One more observation: the Declaration does not explicitly associate the term “natural” with “rights.” So also in current public life when we talk, as we incessantly do, of our rights we make no reference to nature. Probably rightly, since the theory is almost impossible to pursue to its roots; “nature” turns out—certainly for Jefferson—to be chiefly a resting place for reason. He almost routinely appealed to nature as the last resort: nature is responsible for everything from our moral sense to our propensity to being either Whig or Tory.
And yet there is something salutary in reminding ourselves that our rights were first thought of as coming from nature, for even in its forshortened use that word directs our thoughts to a scheme of things within which to locate our own requirements and forestalls the chief danger in the life of indignation—infinite demands. Furthermore, unperspicuous as it is in its philosophical foundation, its ingenuousness gains stature, I think, when compared to the alternative derivations which superseded it in the next century, for instance that rights inhere originally in nations rather than men, or are rooted in history or arise dialectically in economic classes.
that among these are Life, Liberty, and the Pursuit of Happiness—
These enumerated rights together delimit the matter in the formal notion of rights. For that very reason I shall make short shrift of them here, since tonight I am pursuing the formal aspects, the “how” of the Declaration rather than its “what,” its substance.
By the fifth article of the Bill of Rights, among whose chief supporters was Jefferson, persons are protected against deprivation of “life, liberty, or property without due process of law” at the hands of the government. But the natural right to life of the Declaration is precisely to be secured by the government; from that point of view the Fifth Amendment is a safeguard of a safeguard, the precautionary complement of the Declaration. However, it seems to be the case with us that these secondary safeguards of our civil rights play a more respectable and honored role in public debate—they are, after all, part of the Constitution—than our private safety: We are a nation without political executions and with an appalling number of private murders. Yet the text of the Declaration could be cited in behalf of the “law and order” side of the debate. It seems to me to support the contention that the right to life requires the government to protect citizens against each other just as much as it requires that the citizen be protected against the government. After all, the more fundamental of the two texts says that the powers of government are to be organized in such a form as is most likely to effect our safety, and the twenty-seventh and final accusation against the king deals just with his failure to protect his subjects against each other. The problem of energetic versus intrusive government already lies within the Declaration.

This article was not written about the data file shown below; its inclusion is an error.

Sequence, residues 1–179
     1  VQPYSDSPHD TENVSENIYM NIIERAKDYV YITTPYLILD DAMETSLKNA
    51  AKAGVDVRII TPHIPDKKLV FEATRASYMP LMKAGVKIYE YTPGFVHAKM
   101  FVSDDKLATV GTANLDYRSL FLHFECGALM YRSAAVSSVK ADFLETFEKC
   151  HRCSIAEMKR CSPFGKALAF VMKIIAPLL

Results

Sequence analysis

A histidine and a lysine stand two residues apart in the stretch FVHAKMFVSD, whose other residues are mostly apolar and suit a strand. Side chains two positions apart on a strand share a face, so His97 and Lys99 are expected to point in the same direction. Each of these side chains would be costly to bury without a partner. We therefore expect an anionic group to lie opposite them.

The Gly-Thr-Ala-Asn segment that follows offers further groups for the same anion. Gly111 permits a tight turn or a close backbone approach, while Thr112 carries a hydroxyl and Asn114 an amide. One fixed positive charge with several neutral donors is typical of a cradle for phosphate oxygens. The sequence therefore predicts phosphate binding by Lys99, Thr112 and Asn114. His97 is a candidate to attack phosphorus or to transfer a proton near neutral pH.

The most complex and most precarious right is liberty. It was, I believe, the one dearest to Jefferson, especially as it relates to the free “diffusion of knowledge.” In writing of the younger generation he said:
We have spent the prime of our lives in procuring them the precious blessing of liberty. Let them spend theirs in showing that it is the greatest parent of science and virtue….
And he was perfectly deaf to the chief problem of liberty, which is that of its compatibility with equality as set out by Tocqueville. The place is the chapter ”Why Democratic Nations Show a More Ardent and Enduring Love of Equality than Liberty” in Part II of Democracy in America, which is indeed the text to go to whenever in perplexity about America’s deepest difficulties. (I recommend also the chapter on “Liberty and Equality” in Calhoun’s Disquisition on Government.) In omitting to discuss liberty, I am in effect leaving out the substance of the Declaration. One observation is necessary with reference to the next right: Jefferson still distinguishes liberty, as implying an ardous public preoccupation, from the private pursuit of happiness.
“the Pursuit of Happiness“
By the deliberate substitution of “the Pursuit of Happiness” for “prosperity” in the Lockean list, Jefferson conveys that this pursuit is the specifically American right. And furthermore he thereby succeeds in removing from the “abstract” portion of the founding text for the world’s most prosperous country any reference whatsoever to any economic system or even to prosperity. Indeed Jefferson’s vision of republican prosperity was pastoral, not industrially productive.
The question is: what does the phrase intend? The word pursuit in those days was used more commonly than now to mean “practice,” as when we speak of pursuing a profession. The Virginia Declaration of Rights of June ’76 included the right of ”pursuing and obtaining happiness and safety.” It is possible that Jefferson omitted the reference to “obtaining” as redundant. The Declaration itself speaks of the form of government most likely to effect the people’s “Safety and Happiness.” The phrase was therefore very probably intended to mean “living in the practice of happiness, plying it.”